However, I do want to get my thoughts down on this. I continue to be impressed at how Bond manages to make the comic book universe feel true to what it is without coming across as silly or cheesy. The atmosphere in this book is so tense and honestly scary at times, in a good way. The fear that the characters feel truly comes across, and it's a great mystery. The book jumps straight into the action, and because we already know these characters from the last book, it can do that without the action being meaningless. We already care about them, so it's exciting and fun.

I also loved how family relationships, especially between sisters, was so important to this book. And I'm super excited about some of the mysteries that haven't been revealed yet. I still think it's super lacking in queer rep, and it's not the most diverse overall honestly, but I really enjoy this series and I'm going to go read the third book now.

P.S. Be Eleven by Rita Williams-Garcia

Published: May 21st, 2013 by Amistad
Genre: Historical MG
Binding: Hardcover
Page Count: 272 plus acknowledgements and an author's note.
Part of a series? This is book two in the Gaither Sisters series. See my review of book one here.
Got via: The library.
Amazon / Book Depository / Indiebound

Summary (from goodreads): After spending the summer in Oakland with their mother and the Black Panthers, Delphine, Vonetta, and Fern arrive home with a newfound streak of independence, and the sisters aren't the only ones who have changed. Now Pa has a girlfriend. Uncle Darnell returns from Vietnam a different man. But Big Ma still expects Delphine to keep her sisters in line. That's much harder now that Vonetta and Fern refuse to be bossed around.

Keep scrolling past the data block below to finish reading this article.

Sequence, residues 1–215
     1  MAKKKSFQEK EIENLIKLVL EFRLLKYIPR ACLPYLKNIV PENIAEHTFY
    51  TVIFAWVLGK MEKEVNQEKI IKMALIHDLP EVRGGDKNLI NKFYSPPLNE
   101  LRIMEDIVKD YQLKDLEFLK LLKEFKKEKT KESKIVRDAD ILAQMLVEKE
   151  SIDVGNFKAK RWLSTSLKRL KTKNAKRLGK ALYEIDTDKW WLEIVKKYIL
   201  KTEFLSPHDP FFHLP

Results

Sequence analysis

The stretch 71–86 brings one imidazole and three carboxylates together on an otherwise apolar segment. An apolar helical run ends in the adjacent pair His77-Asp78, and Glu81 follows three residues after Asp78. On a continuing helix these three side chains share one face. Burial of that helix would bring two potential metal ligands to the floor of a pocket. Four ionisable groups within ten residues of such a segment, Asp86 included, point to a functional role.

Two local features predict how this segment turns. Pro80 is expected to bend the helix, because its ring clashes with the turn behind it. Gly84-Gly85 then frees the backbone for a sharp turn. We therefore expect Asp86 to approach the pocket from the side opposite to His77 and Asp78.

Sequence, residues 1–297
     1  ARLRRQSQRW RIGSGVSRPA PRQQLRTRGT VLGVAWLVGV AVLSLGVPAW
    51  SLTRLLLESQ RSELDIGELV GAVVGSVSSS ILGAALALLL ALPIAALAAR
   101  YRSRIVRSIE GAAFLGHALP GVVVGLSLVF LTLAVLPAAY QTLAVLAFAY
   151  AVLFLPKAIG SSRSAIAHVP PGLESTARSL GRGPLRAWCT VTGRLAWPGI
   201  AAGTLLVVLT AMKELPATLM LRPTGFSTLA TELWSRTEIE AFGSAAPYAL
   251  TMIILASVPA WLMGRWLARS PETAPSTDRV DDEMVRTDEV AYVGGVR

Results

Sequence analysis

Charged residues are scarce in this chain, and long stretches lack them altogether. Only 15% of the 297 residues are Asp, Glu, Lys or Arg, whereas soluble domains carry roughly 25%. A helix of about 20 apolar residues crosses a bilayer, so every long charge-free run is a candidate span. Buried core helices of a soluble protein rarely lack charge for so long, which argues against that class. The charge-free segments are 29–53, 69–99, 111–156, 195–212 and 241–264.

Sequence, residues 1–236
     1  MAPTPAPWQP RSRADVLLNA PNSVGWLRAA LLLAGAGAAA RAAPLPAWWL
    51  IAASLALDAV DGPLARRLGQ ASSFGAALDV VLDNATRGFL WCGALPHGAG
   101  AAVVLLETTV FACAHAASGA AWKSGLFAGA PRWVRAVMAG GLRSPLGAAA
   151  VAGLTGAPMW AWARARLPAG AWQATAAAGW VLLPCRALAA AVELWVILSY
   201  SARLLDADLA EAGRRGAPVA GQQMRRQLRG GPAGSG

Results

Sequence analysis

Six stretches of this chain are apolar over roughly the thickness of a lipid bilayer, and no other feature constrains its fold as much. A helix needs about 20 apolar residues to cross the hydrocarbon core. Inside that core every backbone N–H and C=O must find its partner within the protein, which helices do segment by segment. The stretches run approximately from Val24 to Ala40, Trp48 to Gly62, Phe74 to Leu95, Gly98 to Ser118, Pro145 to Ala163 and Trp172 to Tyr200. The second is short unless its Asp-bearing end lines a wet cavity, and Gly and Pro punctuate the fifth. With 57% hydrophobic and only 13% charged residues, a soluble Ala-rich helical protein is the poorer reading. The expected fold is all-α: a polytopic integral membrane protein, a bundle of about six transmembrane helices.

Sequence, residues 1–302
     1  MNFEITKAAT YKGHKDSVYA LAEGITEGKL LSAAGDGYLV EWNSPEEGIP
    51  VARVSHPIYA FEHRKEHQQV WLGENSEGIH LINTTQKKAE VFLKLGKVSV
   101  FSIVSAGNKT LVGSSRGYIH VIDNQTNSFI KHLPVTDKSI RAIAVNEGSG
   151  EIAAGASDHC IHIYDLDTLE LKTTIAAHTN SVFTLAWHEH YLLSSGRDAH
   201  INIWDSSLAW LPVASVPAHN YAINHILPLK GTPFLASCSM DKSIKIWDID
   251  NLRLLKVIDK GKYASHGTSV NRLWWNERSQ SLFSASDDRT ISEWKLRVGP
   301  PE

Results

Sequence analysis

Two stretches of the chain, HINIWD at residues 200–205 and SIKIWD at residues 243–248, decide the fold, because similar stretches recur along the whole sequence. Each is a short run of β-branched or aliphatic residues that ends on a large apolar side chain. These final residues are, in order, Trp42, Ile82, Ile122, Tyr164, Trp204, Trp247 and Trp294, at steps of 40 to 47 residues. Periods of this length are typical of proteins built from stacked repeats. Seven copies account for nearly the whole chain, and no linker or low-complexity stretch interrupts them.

Besides her sisters, Delphine's got plenty of other things to worry about-like starting sixth grade, being the tallest girl in her class, and dreading the upcoming school dance (her first). The one person she confides in is her mother, Cecile. Through letters, Delphine pours her heart out and receives some constant advice: to be eleven while she can.

Thoughts: I really liked One Crazy Summer, and I liked this almost as much. To some extant I think it might almost be trying to do a little too much, and things might not get quite as much depth as they could have, but overall it's a good, solid book.

I still really enjoy the pop culture references. They give good context to the time period, and many would still be familiar to a young audience reading this today. Mixed into things that might be new to many (including adult audiences) that are more political, like the first black black congresswoman Shirley Chisholm being elected.

Overall, a solid book, and I continue to love Delphine. I didn't like it more than One Crazy Summer, but it's a solid entry in the series and I look forward to the next one.

That's it for now I think! And our year's almost done I think if I'm calculating this right in September.

What have you guys been reading?

Peace and cookies,